Wisconsin Supreme Court Justice David Prosser held a press conference at the state Capitol on Monday, in which he declared victory in his reelection race — and at which his campaign advisers said they would object to any recount that might be requested by Prosser’s opponent, Assistant Attorney General JoAnne Kloppenburg.
During the press conference, Prosser touted his narrow win — by a margin of 7,316 votes, or 0.488% out of almost 1.5 million — as a vote of a confidence in him by the voters, against a late campaign by opponents of Gov. Scott Walker to turn the election into a referendum on Walker’s policies.
“Voters want candidates for the Supreme Court to make an honest case for themselves, a positive case, based on experience, performance, judicial philosophy and independence,” said Prosser. “This was a decisive election about judicial independence. The people realized that judges should be much more than partisan politicians who wear black robes. Judges should be impartial in theory and in fact. They should faithfully apply the law without fear, and without favor.”
Also during his remarks, Prosser thanked all his supporters, and all the voters he met who are committed to improving the state, “and to the advancement of conservative values as the way to address and ameliorate our many problems.”
Prosser left the Q&A to spokesman Brian Schimming and attorney Jim Troupis. “There is a strong enough win here, and for them to ask for a recount in any form will be enormously costly to the voters of this state,” said Schimming. “There’s no evidence there to suggest that a recount is gonna change the outcome.”
And for his part, Troupis said that the campaign was “Obviously prepared to address a number of legal issues,” and would take any steps to prevent a “frivolous” recount from going forward.
Reporters asked multiple times what grounds the Prosser campaign would use to object to a recount, given that state law entitles a candidate losing by less than 0.5% to request one at state and local expense. When a reporter bluntly asked Troupis whether he would say what grounds would be listed in an objection to a recount, compared to what is in state law, Troupis simply responded: “No.”
Schimming spoke further on the matter of the vote-counting problems in Waukesha County. “Let me say this about Waukesha County: Waukesha County will now go down as the most canvassed election total in state history,” said Schimming. “You had the election night number that was initially reported. You had the canvass, a day, day and a half later, that was the actual official canvass where the omission from the city of Brookfield was found. You had the Kloppenburg campaign down there Friday through Saturday, looking at voter tapes, and now you have the Government Accountability Board looking over those totals as well, with no indication that the numbers will change.”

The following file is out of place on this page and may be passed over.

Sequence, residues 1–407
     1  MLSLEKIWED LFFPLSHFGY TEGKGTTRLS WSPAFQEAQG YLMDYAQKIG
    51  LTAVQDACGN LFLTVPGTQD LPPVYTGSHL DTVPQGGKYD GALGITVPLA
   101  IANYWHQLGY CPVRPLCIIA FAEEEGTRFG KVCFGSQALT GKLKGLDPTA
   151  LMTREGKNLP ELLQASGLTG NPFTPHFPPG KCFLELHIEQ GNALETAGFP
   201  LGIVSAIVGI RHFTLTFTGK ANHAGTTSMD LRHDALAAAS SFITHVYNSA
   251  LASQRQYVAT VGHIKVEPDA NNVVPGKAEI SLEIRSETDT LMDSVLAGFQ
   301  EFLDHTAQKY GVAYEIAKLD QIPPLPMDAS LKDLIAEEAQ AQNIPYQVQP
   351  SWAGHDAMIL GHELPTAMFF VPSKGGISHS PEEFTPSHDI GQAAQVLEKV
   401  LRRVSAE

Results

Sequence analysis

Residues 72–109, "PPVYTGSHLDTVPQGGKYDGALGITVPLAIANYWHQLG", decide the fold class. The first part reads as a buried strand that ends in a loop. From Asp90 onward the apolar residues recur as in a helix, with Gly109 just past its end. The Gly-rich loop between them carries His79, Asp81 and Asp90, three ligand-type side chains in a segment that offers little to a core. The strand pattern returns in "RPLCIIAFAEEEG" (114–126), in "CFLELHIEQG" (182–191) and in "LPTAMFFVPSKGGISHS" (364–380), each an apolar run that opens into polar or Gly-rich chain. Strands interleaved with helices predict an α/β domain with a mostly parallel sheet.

Schimming added: “So do we expect that there ought to be a recount based on Waukesha County? Not at all.”
Early on, Prosser was widely expected to easily win re-election, given the advantages of incumbency in terms of fundraising, name recognition, and the organizational backing of the state business establishment and Republican Party in the nominally non-partisan race. However, the widespread protests against Gov. Scott Walker’s anti-public employee union legislation quickly turned this into a proxy political battle, and unions brought a late but very energetic effort on Kloppenburg’s behalf.
Wednesday, April 6, the day after the election, Kloppenburg declared victory on the basis of Associated Press figures showing 100% of precincts reported, with Kloppenburg enjoying the very narrow lead of 204 votes out of nearly 1.5 million. Then that Thursday, as counties were conducting the official canvass to check for errors in their election night spreadsheets that were reported to the media, Waukesha County Clerk Kathy Nickolaus (R) announced the discovery of un-tabulated votes in the city of Brookfield — giving Prosser a net gain of over 7,000 — saying that her own error had resulted in them not being properly imported and saved into the county’s database.
“I’m thankful that this error was caught early in the process and during the canvass,” Nickolaus said at the press conference last week.
Since then, Democrats have been crying foul about the race — and also raising doubts about past election results in the county, as well. For her part, Nickolaus has responded to the criticism and said she will not resign: “I will serve the remainder of my term. I understand why people are upset and I am taking this matter seriously. Again, I am sorry for my mistake.”
(Special thanks to the ABC affiliate in Madison, for streaming the press conference.)
This post has been edited from the original.
Late Update: Kloppenburg campaign manager Melissa Mulliken has responded, WisPolitics reports:
“We haven’t made a decision on whether to request a recount and are carefully weighing the options,” Mulliken said. “State law clearly contemplates a recount if the margin in an election is within .5 percent and this race falls within that.